In the aftermath of the school siege in Beslan, North Ossetia, in which at least 330 people died, the Russian people are trying to help each other come to terms with the tragedy.
Wails of mourning echoed through the streets of Beslan and beyond
I was sitting with Zara in her living room on Wednesday when I realised silent tears were streaming down her face.
She was watching a local television programme dedicated to some 200 people still missing since the siege of school number one.
Their relatives displayed photographs for the cameras hoping someone, somewhere might have news.
The grim parade seems to last an eternity.
"That little girl is my granddaughter's friend," Zara told me, "and that's another one."
Every single face that appeared on that screen was a family member or a friend.
In the town cemetery, 120 burials were held in the same day
For the past week I have been living in a community that has had the heart torn out of it.
In this tightly-knit town - which is barely more than a village - everyone knows someone who was injured, has died, or is missing.
Those ties make the pain of this tragedy more acute. But that closeness is also helping Beslan, helping it cope with its grief... and survive.
I arrived here late on the first night of the siege to find hundreds of relatives holding a desperate vigil.
They had gathered at the local civic centre, close to the school. They huddled in groups, some clutching coffee cups; others standing in stunned silence, their eyes raw from crying.
But they were together.
Ever since that night I have been struck by the strength of this community time and again. The kind of spirit that is so rare now in the West and so typical here in the Caucasus.
I met Rima just two days after she and her grandchildren fled for their lives as the school was stormed.
The gunmen threatened to shoot anyone they caught with water
Last Wednesday was the children's first day at a new school. Rima had taken her camera; she was expecting a day of celebration.
As we talked, Rima clutched her eight-year-old grandson close to her side.
Alan gazed up at his grandmother through huge, dark eyes as she stroked his hair, calling him "her little hero".
There were more than 1,000 people squashed into the school sports hall and Rima told me the heat in there was stifling.
For three days the gunmen denied the hostages food or drink. They threatened to shoot anyone they caught with water.
But on the rare occasions that Rima managed to get to the bathroom, she soaked her shirt under the tap and then returned to squeeze vital drops into the children's mouths.
She filled her shoe with water and smuggled it into the gym beneath her skirt.
She stayed awake every night, clearing space for the children to sleep in the crush.
Rima talked for well over an hour, often in floods of tears, but insisting she wanted to share her nightmare.
Little Alan still has not spoken a word of what he saw, but his fixed stare speaks of hidden horrors.
I have never experienced such warmth and hospitality in my life
The family are overjoyed their children are home, but in this small community in collective sorrow, there is little relief, even for the survivors.
Rima's next door neighbour, Vitali, lost his entire family in the siege.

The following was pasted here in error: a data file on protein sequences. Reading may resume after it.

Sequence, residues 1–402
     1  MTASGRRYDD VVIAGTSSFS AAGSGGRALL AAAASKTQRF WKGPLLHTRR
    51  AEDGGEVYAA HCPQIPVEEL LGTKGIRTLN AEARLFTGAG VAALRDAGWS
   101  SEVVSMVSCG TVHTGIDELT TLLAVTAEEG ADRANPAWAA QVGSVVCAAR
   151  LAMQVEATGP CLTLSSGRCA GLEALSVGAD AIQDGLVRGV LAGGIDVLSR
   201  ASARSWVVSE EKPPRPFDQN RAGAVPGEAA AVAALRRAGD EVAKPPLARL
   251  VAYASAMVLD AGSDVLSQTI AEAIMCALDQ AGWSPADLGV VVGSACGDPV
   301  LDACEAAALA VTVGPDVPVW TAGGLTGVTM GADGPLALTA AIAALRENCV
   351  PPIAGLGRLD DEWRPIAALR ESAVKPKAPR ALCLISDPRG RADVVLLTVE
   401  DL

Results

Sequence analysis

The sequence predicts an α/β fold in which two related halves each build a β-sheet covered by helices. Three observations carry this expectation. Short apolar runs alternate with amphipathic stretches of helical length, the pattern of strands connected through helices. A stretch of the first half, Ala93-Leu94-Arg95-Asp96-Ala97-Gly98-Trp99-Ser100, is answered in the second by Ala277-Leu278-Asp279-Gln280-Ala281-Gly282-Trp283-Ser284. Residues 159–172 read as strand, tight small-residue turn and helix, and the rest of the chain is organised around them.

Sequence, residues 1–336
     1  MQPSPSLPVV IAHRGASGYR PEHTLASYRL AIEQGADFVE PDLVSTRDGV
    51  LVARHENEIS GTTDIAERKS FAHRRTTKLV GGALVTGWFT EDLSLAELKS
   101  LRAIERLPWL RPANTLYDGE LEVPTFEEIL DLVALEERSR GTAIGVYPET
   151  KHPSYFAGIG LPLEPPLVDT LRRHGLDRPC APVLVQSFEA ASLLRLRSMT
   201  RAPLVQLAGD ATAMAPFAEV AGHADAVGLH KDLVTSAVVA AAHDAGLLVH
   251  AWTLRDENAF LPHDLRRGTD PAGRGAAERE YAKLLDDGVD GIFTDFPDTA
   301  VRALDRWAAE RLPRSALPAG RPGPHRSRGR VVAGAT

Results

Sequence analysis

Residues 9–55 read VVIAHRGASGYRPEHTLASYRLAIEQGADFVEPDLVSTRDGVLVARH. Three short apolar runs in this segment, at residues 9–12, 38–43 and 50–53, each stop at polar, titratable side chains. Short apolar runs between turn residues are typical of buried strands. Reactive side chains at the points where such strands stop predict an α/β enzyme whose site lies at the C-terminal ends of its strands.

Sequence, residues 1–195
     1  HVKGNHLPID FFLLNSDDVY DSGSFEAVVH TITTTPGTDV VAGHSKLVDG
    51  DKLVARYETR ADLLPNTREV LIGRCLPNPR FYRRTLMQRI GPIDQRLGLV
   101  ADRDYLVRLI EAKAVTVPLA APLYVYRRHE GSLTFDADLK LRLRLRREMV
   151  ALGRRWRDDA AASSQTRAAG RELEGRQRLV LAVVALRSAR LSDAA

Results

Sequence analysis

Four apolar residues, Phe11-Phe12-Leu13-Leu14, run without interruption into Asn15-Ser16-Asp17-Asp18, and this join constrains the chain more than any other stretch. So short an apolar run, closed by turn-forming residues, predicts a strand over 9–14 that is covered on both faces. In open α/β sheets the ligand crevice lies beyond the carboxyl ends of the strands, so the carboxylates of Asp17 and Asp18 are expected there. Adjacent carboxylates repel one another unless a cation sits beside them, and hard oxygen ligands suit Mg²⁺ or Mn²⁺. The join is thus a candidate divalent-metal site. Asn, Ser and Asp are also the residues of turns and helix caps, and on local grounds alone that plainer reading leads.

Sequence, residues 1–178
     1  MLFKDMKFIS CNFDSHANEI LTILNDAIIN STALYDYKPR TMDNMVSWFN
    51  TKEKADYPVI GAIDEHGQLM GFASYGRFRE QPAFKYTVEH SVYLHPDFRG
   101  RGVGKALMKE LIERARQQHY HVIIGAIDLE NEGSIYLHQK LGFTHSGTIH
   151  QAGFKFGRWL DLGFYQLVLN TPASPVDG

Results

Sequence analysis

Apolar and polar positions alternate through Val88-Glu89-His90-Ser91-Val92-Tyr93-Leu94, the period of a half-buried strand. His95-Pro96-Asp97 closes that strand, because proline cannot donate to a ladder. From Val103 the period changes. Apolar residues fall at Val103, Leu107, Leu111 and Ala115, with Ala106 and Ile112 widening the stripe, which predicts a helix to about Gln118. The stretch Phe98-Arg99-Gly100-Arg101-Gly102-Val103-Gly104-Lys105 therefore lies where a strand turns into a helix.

His wife and their two children were sitting next to Rima in the gym.
Confronted with her neighbour's grief, this brave woman told me she is ashamed to be alive.
As the first families began burying their dead this week, Beslan ground to a standstill.
There are so many cars and buses filled with coffins and mourners, there was gridlock on the road to the cemetery.
Townspeople wept around the coffins of children, parents, grandparents and teachers
I spoke to many here who told me they had attended more than a dozen funerals in a day for family and close friends alone.
"I wish I could have made it to more," one woman told me guiltily, "but I just couldn't manage it."
I quickly discovered that looking out for one another here means looking out for outsiders here too.
I have never experienced such warmth and hospitality in my life. Utterly unsolicited, but impossible to refuse.
This week, two women we barely knew, came to our house bearing enormous piles of food and gifts. They said they wanted us to take away positive memories of Ossetia too.
Astoundingly, they apologised that they could not do more under the circumstances.
That solidarity is giving Beslan strength through the first and worst days of its suffering.
But when the traditional 40 days of mourning draw to a close, there is a real danger that collective grief here could be transformed into collective anger.
The President of North Ossetia told protesters he would soon step down
"We Ossetians are a peace-loving people", Tamara told me, "but we will retaliate for this."
Another woman insisted that those who took her son from her will get what they deserve.
Talk of revenge is everywhere here.
But as I leave Beslan, there is one image, above all, that is caught in my mind and that is the scene at school number one.
The charred ruins of the sports hall are now carpeted in flowers. Families have brought favourite toys and food for the dead.
The whole scene is bathed in the soft light of tiny candles.
And, on one window ledge, I found a message scribbled on a white cloth. It reads: "Children, please forgive us."
From Our Own Correspondent was broadcast on Thursday, 9 September, 2004 at 1100 BST on BBC Radio 4. Please check the programme schedules for World Service transmission times.